Saturday, October 4, 2014

Harvest Festival at El Rancho de Las Golondrinas

  El Rancho de Las Golondrinas
is a living history museum south of Santa Fe.
It was originally a stagecoach stop on the
El Camino Real.

After a long term possession by a private family,
it was restored and established as living history museum.
The museum has event weekends from May through October.
This weekend is the Harvest Festival,
marking the end of the season.

El Rancho de Las Golondrinas
consists of a main rancho building
with a number of outbuildings around the property.
The main rancho shows how Spanish colonial families
may have lived in their ranchos.

Ox carts were used to carry trade merchandise
up and down the El Camino Real between
Mexico City and Santa Fe.

Step through the gate and come inside to the courtyard!

The Harvest Festival is one of their busiest events,
and with the beautiful weather,
today was no exception.
I had to give up on photographing the property without extra people!

Hornos are a traditional outdoor oven for baking bread.

Red chiles were being wrapped into ristras.
They are commonly used as home decorations in New Mexico,
but were originally a way to dry and store red chile for seasoning.

Inside the box-shaped rooms in the rancho,
there were items that could have been used in every day life.

The process of raising sheep, shearing wool,
washing, dying, spinning and weaving wool
was important to the colonists to produce
woven products like rugs, blankets, and some clothing.

Colcha was a traditional style of embroidery
that was used to make finer items like altar clothes
and women's shawls.
This volunteer is weaving a piece of cloth
that would have been used as a backing for colcha embroidery.

El Rancho de Las Golondrinas
has several fine colcha samples on the walls, altar cloths,
and as bedspreads.

This video clip, filmed at El Rancho de Las Golondrinas,
has more about colcha embroidery as shared by a museum volunteer.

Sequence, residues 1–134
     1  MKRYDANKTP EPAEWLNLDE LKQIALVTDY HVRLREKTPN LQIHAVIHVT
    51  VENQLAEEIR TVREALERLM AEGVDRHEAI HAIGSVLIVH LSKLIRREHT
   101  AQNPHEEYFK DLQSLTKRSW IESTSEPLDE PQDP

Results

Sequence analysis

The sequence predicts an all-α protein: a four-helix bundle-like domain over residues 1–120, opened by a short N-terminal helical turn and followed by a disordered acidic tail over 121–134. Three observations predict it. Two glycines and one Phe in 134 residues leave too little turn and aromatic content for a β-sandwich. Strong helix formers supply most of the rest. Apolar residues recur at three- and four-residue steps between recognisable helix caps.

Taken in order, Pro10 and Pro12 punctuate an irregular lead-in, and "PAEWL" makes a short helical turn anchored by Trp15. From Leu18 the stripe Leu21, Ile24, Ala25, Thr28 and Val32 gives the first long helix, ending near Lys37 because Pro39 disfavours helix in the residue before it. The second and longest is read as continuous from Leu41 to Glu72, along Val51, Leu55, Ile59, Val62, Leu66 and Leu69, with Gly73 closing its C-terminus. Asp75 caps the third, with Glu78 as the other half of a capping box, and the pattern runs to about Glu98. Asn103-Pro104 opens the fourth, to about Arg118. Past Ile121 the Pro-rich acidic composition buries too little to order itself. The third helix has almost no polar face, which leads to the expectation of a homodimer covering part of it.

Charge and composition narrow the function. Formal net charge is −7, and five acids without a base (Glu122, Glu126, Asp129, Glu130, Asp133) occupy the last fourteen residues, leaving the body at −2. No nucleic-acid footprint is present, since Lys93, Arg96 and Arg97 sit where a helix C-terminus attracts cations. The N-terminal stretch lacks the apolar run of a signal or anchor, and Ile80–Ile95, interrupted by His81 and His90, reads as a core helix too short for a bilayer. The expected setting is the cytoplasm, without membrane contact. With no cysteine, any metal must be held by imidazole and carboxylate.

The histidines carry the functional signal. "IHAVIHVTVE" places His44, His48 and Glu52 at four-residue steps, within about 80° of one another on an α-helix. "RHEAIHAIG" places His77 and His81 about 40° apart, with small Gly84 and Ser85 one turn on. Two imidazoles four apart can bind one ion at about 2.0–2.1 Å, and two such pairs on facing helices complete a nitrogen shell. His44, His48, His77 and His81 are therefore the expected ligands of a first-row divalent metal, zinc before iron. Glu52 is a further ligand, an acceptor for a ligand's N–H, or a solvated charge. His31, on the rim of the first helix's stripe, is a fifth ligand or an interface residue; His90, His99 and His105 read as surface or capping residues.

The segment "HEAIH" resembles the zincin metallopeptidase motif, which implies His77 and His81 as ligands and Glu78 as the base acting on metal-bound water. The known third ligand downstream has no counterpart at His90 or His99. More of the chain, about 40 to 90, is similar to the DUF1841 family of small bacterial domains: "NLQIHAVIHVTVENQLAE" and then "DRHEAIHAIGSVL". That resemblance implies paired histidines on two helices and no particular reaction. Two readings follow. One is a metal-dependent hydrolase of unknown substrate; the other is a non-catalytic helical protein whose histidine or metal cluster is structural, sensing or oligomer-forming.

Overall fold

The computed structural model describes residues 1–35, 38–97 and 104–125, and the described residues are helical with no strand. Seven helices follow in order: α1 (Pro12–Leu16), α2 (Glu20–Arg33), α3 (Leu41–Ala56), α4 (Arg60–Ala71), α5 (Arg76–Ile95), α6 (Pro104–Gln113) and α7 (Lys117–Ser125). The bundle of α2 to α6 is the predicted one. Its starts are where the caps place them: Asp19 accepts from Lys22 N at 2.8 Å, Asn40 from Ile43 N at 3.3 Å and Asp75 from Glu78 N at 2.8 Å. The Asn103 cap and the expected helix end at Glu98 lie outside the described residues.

Outside of the weaving rooms,
a group of volunteers spun and carded wool into yarn.

The gentleman also told a few "yarns" about New Mexico history.

Abby, the young lady, said that she enjoyed spinning wool,
and could do it for several hours.

Ella was overjoyed to find a pumpkin patch!

It was on top of a food storage shed!

The sheep were in the back of the stall, 
providing a photo opportunity with sheep
and the adobe tower, known as a torreon!

Once the wool was sheared in early New Mexico,
it was washed with sudsy yucca root!

The volunteer who had been working with the bread baked in the horno
had brought it to this quieter table for people to taste the bread.
She had several spreads to put on the bread, including pumpkin or chile.

The Baca House
is to the side of the main rancho.
It is from a slightly later era.

Down the hill is the Raton School House.
It was rescued from the town of Raton.
It has an early school room with a teacher's room
and a dye shack on the side.

"Do you mind if I photograph you with my doll?
I am doing 'A Doll A Day' photo project.
It is based on the alphabet, and today is 'D'.
I figured a docent was more interesting than a door."

" 'Dye' starts with 'D'.
Why don't you photograph her with the red dye.
It should be dry."

Today was my lucky day!
I knew there had to be something here
that would start with 'D'!

So.... D is for the Docent Discussing Dye!

ADAD 4: 10/4/14

Even though the official Civil War event weekend is in May,
a few Civil War re-enactors camped in a small glen.

The trees had leaves that were turning yellow,
and falling the breeze!
Fall Leaves!

Ella enjoyed playing in the leaves,
and then a spider crept up beside her!
Fortunately, she was not Miss Muffet,
and stayed quite put in the leaves while the spider moved on.

Then, the men set the cannon up,
and after a time of preparation,
fired a blank.
It was loud!

On to the mill!

After listening the rattling of the mill wheel,
we visited the pond behind the mill.

We walked on past the Sierra House,
a later era ranch style house.

As we hiked back up the hill toward the main area,
we stopped at a smaller mill.

The acequia runs throughout the property
as an irrigation ditch.

This section is diverted into cut out log canals
used to activate the mill wheel.

The turning wheel activates the jolting grinding and sifting movement.

We continued our way up the hill,
toward the main rancho and exit.

It was near closing time,
and many of the crowds had already left.

 We're leaving?

Can we come back sometime?

Not until next spring.

Can we look in the gift shop?

You didn't tell me Josefina lives here!

Something like that.

 Adios! See you next year!


  1. Wow, what a wonderful day! You and Ella got se great pictures and it looks like you had so much fun--living history sites are the best! Thanks for sharing some New Mexico history!

  2. What a great post, you go to some really wonderful and interesting places. Fabulous.